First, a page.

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Brazilian Bare Phrases and Referentiality: Evidences from an Experiment

Kayron Bevilaqua, Roberta Pires de Oliveira


This paper experimentally investigates the denotation of the bare singulars (BS) and bare plural noun phrases (BP) in Brazilian Portuguese (BrP). The first section reviews two theories concerning the semantics of the bare nouns in BrP: the count theory according to which bare nouns are countable (plural sums); and the mass theory, which proposes that there is a difference between these bare nouns, since only the BP is a count noun. The second section presents the experiment. It explores the relation between the semantics of BSs and BPs in a mass context. 64 participants were asked to perform quantity judgments (on number, volume, both number and volume or none) in a comprehension task. The task relied on visual and hearing information. The results show that BSs allow preferentially comparison by volume scales, though they accept the count reading. The presence of the plural morpheme ([-s]) only allows quantity judgments based on number. Thus, the experiment failed to support the count hypothesis that BSs are number neutral (SCHMITT; MUNN, 1999; MUNN; SCHMITT, 2005; MÜLLER, 2002), and corroborates Pires de Oliveira & Rothstein's (2011) mass hypothesis. Relying on Rothstein & Pires de Oliveira (in press), we propose that the morpho-syntactic plural mark imposes counting and that the cardinal reading of the BS is derived from measuring.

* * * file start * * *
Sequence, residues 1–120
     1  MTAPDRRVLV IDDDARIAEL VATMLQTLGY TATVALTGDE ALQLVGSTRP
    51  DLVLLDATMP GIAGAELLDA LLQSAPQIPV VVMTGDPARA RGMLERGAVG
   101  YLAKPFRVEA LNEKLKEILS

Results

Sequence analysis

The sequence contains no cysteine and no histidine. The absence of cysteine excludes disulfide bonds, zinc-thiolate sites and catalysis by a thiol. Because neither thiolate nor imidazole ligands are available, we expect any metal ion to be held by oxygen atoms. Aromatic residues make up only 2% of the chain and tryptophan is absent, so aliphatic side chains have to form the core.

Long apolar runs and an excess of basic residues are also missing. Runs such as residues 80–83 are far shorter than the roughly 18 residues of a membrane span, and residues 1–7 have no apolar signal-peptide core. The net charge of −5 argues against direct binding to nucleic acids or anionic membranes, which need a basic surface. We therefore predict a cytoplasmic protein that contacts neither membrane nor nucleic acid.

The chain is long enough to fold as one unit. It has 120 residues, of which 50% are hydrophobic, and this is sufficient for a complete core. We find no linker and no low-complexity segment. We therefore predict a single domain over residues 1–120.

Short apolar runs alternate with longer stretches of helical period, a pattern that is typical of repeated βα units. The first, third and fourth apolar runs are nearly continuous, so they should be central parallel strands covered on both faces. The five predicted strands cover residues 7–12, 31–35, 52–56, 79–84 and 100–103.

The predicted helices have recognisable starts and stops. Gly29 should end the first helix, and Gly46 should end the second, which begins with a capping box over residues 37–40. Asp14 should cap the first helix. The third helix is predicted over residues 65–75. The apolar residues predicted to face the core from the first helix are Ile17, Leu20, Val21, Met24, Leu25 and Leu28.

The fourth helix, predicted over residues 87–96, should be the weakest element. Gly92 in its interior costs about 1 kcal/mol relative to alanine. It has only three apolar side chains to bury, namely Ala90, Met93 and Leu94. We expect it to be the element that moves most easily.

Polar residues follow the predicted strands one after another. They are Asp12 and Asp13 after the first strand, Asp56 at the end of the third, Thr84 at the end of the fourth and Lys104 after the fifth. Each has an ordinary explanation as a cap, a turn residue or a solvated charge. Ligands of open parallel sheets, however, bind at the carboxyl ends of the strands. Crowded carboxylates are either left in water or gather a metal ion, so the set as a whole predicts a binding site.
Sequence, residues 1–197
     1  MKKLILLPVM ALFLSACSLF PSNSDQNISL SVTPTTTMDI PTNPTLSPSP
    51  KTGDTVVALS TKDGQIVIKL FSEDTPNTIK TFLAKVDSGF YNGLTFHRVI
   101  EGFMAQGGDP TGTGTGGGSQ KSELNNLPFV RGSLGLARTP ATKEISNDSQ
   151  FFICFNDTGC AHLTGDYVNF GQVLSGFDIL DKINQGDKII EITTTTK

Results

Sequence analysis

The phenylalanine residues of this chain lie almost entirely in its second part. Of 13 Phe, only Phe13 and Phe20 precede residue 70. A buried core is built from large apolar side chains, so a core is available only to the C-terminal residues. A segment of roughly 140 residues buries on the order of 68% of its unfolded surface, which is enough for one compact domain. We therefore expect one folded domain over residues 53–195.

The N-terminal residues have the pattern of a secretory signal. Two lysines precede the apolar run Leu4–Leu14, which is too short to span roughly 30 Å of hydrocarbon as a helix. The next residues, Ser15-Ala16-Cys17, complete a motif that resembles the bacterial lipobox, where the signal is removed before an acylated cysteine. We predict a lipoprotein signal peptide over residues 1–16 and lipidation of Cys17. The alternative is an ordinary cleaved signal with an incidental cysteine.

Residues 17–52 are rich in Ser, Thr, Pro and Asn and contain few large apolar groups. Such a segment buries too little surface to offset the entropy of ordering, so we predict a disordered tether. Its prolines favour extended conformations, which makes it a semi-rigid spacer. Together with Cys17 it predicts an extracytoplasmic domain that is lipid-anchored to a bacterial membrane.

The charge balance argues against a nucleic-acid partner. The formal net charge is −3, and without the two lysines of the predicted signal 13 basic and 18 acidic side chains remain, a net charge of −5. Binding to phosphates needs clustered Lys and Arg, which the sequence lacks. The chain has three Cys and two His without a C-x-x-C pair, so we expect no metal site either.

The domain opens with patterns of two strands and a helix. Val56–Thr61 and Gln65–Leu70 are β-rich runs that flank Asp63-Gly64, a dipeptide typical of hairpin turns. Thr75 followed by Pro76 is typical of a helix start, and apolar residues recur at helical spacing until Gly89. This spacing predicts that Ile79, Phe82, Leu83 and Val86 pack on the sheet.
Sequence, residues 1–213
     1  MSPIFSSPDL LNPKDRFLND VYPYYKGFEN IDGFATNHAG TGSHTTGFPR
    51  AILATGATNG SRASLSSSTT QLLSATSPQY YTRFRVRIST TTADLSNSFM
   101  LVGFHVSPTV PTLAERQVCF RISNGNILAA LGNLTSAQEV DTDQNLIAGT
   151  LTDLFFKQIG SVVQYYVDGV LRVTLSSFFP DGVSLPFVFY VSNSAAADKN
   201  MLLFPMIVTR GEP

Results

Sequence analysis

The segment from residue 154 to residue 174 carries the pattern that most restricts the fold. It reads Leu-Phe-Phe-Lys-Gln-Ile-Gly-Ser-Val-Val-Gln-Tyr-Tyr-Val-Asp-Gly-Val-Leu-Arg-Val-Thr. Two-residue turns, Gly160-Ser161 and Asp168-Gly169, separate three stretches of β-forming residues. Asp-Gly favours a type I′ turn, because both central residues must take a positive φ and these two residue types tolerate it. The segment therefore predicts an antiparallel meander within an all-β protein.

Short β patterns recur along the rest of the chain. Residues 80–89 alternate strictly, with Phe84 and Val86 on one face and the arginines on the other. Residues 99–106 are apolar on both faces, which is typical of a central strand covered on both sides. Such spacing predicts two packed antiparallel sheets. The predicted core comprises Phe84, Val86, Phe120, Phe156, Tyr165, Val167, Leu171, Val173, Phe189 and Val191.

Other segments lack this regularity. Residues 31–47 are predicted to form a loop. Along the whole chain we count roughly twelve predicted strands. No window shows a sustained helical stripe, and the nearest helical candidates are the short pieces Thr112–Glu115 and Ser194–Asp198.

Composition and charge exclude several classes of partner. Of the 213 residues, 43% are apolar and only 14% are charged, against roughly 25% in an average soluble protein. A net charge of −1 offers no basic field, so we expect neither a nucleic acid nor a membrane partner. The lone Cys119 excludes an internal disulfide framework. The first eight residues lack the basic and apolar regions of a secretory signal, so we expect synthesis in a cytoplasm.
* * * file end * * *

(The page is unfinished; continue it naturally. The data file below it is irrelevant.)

Bare singular; Bare plural; Count/Mass.

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